help with bean towers

kawaiineko_gardener(5a)December 30, 2011

Primarily, I'd be growing green beans; however I'd also like to do lima and edamame (baby green soy beans). With the soy and lima, they'd be for shelling.

For lima and edamame, I'd like to get about 25 lbs. of fresh shelled beans; however is this even possible with container gardening, or not worth it? Note this is NOT dry beans, but fresh shelled.

I have various questions regarding this. First I'm wondering which variety of bean to plant, pole or bush; I know pole is a heavier yield, but they take longer to mature, and my growing season is short.

Next, I have to think about space, as I have a limited amount, and which type will maximize the space, pole or bean.

How many bean plants would I have to plant to get 50-75 lbs. of fresh beans. I know how many lbs. per plant you would yield depends on variety.

However with either bush or pole, can you recommend a variety that is heavy yielding, and if so how many lbs. per plant does it yield?

The other thing I need to figure out is if I do bean towers, how many beans plants can I plant per tower without overcrowding them? Also, how far apart would the bean towers need to be spaced; I ask this because the beans will be grown via container gardening, either raised beds or SFG.

A very stupid question, but do the bean plants climb up the tower by themselves, or do you have to train them to do it? I don't know, as I've never grown pole beans before.

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zeedman Zone 5 Wisconsin

For snap beans, you would be better off with a pole variety. Yes, they can take a little longer to bear (or not, as I'll show below) but the yield will be much higher, and sustained over a longer period. The length of growing season is not as much of an issue for beans picked immature, since they need far fewer days than beans left for shellies or dry seed. I didn't plant my snaps until July 1st this year, and still froze a year's supply before frost.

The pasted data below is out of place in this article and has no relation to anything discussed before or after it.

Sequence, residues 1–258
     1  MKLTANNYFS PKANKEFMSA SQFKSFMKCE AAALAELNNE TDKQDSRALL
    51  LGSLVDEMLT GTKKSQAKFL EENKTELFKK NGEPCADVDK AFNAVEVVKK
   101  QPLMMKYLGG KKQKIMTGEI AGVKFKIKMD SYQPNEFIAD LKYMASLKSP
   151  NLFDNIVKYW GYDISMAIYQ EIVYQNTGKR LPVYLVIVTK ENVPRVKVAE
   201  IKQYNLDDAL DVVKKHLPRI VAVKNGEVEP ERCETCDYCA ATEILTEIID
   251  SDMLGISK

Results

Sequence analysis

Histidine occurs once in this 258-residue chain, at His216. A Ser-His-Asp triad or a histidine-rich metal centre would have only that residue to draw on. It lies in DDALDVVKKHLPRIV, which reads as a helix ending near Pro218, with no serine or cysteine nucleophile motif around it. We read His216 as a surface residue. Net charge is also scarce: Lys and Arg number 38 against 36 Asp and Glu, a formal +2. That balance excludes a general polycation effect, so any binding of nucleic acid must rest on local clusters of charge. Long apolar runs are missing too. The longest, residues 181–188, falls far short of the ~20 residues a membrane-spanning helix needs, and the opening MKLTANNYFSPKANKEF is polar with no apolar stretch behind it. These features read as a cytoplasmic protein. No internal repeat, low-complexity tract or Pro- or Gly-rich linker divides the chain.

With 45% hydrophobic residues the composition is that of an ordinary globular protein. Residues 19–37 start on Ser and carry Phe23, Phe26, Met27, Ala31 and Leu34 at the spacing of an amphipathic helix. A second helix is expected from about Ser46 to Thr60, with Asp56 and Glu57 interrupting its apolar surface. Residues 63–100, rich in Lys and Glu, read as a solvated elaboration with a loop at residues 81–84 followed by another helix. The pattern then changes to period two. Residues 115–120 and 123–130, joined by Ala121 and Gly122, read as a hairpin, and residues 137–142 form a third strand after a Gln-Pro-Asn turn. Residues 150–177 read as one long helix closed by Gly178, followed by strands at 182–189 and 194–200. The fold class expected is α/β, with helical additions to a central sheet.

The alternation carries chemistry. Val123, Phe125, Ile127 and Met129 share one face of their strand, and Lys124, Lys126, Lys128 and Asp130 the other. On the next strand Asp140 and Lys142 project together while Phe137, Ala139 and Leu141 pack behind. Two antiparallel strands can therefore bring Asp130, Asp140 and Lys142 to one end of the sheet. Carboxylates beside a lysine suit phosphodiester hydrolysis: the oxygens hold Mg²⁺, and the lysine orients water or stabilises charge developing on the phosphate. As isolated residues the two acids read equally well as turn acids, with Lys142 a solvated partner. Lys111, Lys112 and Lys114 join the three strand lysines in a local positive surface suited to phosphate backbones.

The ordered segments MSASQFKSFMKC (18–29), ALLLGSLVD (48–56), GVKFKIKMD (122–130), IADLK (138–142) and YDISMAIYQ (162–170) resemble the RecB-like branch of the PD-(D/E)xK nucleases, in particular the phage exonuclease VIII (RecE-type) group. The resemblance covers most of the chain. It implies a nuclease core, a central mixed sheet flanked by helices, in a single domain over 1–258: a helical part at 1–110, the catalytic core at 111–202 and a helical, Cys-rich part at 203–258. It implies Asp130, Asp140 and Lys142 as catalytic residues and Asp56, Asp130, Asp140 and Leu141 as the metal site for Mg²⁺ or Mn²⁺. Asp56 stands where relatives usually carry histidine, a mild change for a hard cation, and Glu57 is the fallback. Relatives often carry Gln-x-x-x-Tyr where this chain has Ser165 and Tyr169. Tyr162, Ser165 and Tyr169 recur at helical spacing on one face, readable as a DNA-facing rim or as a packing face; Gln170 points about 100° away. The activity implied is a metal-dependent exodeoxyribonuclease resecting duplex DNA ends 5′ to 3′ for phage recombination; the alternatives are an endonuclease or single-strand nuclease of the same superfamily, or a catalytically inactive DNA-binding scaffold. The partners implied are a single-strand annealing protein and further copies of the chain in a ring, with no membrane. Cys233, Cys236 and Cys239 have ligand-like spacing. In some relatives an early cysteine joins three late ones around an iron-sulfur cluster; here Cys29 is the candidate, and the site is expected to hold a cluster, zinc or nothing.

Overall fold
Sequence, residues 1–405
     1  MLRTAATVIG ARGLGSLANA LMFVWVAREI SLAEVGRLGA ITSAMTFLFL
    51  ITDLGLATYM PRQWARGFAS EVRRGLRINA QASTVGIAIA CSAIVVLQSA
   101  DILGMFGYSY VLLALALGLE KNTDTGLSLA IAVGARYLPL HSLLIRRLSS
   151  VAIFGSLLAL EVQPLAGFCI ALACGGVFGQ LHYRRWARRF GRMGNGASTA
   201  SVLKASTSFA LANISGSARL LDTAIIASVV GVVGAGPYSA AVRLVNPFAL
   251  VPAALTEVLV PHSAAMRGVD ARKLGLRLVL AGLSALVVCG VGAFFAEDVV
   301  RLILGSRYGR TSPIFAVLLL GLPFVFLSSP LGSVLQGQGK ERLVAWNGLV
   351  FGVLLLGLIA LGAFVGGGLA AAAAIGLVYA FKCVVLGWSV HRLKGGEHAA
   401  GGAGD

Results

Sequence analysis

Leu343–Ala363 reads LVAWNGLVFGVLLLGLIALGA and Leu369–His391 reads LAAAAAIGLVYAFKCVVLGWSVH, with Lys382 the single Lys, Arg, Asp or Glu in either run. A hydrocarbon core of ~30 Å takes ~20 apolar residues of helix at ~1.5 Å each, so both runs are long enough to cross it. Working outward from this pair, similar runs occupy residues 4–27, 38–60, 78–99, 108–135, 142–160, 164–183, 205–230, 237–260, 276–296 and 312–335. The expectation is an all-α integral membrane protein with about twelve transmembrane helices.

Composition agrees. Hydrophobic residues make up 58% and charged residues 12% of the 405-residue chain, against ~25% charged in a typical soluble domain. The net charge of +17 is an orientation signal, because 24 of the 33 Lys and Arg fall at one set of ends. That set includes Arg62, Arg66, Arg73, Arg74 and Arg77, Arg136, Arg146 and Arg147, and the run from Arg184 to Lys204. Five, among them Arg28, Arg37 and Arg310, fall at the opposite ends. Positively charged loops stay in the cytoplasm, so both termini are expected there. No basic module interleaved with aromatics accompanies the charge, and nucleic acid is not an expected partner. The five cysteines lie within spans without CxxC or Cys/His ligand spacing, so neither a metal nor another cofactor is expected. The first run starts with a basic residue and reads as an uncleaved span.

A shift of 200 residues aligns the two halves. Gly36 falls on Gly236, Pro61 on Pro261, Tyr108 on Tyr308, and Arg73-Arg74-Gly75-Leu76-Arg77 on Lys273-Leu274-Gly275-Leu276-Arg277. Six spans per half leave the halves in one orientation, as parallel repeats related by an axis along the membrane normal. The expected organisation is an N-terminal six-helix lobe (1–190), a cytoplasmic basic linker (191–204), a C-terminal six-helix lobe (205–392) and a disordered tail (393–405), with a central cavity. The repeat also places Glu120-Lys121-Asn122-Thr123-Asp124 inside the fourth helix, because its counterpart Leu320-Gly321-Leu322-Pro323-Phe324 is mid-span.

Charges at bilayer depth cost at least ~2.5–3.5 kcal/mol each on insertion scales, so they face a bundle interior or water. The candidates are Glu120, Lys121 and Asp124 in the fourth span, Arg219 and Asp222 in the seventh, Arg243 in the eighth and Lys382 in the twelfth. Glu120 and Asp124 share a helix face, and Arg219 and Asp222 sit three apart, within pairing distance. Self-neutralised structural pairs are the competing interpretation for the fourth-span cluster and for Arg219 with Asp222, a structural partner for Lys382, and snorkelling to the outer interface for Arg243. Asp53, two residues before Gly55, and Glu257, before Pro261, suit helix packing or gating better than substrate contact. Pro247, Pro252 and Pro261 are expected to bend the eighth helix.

While as a rule pole varieties take longer to bear than their bush counterparts, there are exceptions. "Goldmarie" (wax) and "Earlyriser" (green) are as quick to bear as most bush varieties. There are several other green-podded pole Romano types that mature quickly. "Kentucky Wonder" is a little later, and bears heavily... but since they must be harvested small to be stringless, it may not be the best suited to pot culture. "Emerite" and "Fortex" remain stringless to a large size, so you'll get more pod weight per plant, and both freeze well. In a large pot, I would recommend thinning to no more than 3 bean plants per pot.

For limas, I would still recommend a pole variety. "Sieva" (a.k.a. Carolina) has done well for me in Wisconsin, even when direct seeded. It bears heaviliy, and is probably the best pole variety for short seasons. "Sieva" has been in short supply commercially, due to recent crop failures; hopefully that will not be the case next year. "Carolina Red" is similar in all ways to its white-seeded cousin, and is available from Sandhill Preservation.

Started early as transplants, limas are more likely to reach maturity, plus that would open up your choice of variety a bit. The root systems of limas are larger than those of common beans, so I would recommend no more than 1 plant per pot.

Edamame soybeans are only available as bush. Like any bean, they respond well to additional spacing. I've never grown soybeans in pots, but you can probably get 3-4 plants per pot, depending upon pot size. The yield per plant, though, is fairly low, I'd estimate about 4 ounces or less per plant. I've had widely spaced plants yield much more than that, though; one plant produced over 100 pods, enough for 3 people.